Shock Value: How a Few Eccentric Outsiders Gave Us Nightmares, ConqueredHollywood, and Invented Modern Horror (Google eBook)

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Penguin, Jul 7, 2011 - Performing Arts - 288 pages
23 Reviews
Much has been written about the storied New Hollywood of the 1970s, but at the same time that Steven Spielberg and Martin Scorcese were producing their first classic movies, a parallel universe of directors gave birth to the modern horror film. Shock Value tells the unlikely story of how directors like Wes Craven, Roman Polanski, and John Carpenter revolutionized the genre in the 1970s, plumbing their deepest anxieties to bring a gritty realism and political edge to their craft. From Rosemary’s Baby to Halloween, the films they unleashed on the world created a template for horror that has been relentlessly imitated but rarely matched. Based on unprecedented access to the genre’s major players, this is an enormously entertaining account of a hugely influential golden age in American film.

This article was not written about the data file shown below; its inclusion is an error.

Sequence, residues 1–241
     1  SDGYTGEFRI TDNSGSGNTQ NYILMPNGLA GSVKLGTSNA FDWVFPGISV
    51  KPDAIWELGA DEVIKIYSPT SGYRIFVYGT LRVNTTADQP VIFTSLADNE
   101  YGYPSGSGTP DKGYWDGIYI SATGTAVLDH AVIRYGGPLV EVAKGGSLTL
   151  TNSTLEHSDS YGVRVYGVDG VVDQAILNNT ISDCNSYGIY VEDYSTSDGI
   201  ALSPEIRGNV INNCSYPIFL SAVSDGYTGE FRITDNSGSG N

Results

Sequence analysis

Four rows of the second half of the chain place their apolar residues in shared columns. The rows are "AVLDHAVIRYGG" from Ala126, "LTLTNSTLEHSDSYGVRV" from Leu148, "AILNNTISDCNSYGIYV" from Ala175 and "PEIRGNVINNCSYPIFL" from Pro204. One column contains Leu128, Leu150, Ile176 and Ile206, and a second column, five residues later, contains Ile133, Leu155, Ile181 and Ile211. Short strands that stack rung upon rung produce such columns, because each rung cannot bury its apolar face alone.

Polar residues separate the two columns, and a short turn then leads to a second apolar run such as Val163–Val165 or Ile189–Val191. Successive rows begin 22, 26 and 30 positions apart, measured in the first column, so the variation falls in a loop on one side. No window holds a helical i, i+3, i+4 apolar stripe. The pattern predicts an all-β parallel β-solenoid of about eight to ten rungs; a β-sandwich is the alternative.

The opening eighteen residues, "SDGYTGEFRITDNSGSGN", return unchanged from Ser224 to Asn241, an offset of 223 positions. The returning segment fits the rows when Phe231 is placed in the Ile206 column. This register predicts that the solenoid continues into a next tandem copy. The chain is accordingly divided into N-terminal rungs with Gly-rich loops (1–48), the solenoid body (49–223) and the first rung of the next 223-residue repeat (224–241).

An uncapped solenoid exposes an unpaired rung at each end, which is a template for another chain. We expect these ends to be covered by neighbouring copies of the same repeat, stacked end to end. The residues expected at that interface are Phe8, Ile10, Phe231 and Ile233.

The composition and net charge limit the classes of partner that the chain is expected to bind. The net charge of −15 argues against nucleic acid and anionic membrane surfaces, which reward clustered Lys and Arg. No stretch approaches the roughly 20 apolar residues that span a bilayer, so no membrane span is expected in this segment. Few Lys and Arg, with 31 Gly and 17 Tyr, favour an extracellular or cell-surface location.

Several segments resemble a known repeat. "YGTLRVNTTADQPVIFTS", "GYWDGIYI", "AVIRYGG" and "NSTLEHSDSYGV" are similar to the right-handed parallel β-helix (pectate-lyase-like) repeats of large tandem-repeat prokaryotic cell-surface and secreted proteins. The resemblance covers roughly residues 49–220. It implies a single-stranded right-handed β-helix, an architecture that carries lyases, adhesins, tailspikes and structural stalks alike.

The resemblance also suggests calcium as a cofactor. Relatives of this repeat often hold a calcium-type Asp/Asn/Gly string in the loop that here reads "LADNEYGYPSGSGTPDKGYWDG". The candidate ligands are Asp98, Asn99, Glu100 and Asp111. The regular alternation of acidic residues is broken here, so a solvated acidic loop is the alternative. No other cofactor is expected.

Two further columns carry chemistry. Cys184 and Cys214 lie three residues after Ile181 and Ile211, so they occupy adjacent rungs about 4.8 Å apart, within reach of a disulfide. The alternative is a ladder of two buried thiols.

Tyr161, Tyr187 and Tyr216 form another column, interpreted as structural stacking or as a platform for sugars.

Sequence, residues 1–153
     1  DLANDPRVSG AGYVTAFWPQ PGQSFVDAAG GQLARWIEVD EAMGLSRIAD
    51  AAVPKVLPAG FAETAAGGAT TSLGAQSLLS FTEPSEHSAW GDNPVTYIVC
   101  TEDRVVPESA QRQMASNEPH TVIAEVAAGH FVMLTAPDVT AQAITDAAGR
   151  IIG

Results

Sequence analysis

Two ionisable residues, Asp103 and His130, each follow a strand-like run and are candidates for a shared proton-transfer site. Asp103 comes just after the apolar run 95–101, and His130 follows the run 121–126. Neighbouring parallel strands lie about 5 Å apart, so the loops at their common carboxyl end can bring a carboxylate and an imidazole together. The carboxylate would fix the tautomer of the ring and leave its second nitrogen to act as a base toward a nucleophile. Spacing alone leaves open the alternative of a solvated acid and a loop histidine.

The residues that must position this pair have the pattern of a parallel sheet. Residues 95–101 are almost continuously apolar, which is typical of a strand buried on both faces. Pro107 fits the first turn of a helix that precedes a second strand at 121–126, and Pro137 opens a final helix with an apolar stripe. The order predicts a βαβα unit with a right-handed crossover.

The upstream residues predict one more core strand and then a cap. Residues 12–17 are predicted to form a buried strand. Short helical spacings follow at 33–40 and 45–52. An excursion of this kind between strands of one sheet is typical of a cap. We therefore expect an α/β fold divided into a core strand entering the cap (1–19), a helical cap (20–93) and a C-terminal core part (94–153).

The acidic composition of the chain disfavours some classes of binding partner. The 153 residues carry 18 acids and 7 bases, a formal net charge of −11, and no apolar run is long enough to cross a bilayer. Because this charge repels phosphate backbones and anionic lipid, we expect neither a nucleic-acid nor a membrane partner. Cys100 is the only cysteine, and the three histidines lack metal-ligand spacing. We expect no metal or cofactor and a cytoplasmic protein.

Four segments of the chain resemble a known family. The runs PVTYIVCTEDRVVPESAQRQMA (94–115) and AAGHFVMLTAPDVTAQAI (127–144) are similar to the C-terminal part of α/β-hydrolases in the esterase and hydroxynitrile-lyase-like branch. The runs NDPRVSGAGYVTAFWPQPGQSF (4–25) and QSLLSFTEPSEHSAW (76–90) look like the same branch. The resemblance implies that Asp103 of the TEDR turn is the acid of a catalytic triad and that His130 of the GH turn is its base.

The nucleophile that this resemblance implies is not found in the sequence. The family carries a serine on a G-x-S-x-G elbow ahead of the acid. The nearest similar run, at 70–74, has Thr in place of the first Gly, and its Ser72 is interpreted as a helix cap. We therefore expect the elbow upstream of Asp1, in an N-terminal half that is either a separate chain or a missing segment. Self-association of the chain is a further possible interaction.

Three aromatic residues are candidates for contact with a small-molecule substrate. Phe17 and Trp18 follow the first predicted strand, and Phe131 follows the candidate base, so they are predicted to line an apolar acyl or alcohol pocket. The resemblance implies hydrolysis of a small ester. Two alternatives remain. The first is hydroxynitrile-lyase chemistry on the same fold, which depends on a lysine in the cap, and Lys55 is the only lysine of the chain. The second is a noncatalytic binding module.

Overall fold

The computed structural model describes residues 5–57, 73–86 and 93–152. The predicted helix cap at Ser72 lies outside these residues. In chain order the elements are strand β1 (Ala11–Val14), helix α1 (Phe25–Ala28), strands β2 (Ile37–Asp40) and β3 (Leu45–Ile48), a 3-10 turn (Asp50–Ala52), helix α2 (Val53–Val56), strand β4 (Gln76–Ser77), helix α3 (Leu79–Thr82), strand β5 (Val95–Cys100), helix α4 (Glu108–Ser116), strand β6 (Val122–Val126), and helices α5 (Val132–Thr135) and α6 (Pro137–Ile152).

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Review: Shock Value

User Review  - Dkolacinski - Goodreads

A strong overview of the birth of the modern horror movie, beginning in the 70's. From the grind houses to the big screen, it's a history of the directors, the new visions and the times. Read full review

Review: Shock Value: How a Few Eccentric Outsiders Gave Us Nightmares, Conquered Hollywood, and Invented Modern Horror

User Review  - Michael O. - Goodreads

This book came recommended highly by a number of cult movie reviewers I respect, and while not a bad book, I found it fell short of their praise. Zinoman certainly proves some of his theses about ... Read full review

Contents

INTRODUCTION
CHAPTER TWO
CHAPTER THREE
CHAPTER FOUR
CHAPTER FIVE
CHAPTER SIX
CHAPTER EIGHT
CHAPTER NINE
CHAPTER TEN
CHAPTER ELEVEN
Copyright

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About the author (2011)

Jason Zinoman is a critic and reporter covering theater for The New York Times. He has also regularly written about movies, television, books and sports for publications such as Vanity Fair, The Guardian and Slate. He was the chief theater critic for Time Out New York before leaving to write the On Stage and Off column in the Weekend section of the Times. He grew up in Washington D.C. and now lives in Brooklyn.

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